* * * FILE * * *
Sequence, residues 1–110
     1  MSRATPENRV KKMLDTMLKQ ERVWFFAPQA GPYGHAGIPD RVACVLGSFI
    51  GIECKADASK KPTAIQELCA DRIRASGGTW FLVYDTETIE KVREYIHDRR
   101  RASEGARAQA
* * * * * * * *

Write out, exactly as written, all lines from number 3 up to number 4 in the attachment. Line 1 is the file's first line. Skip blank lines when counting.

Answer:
    51  GIECKADASK KPTAIQELCA DRIRASGGTW FLVYDTETIE KVREYIHDRR
   101  RASEGARAQA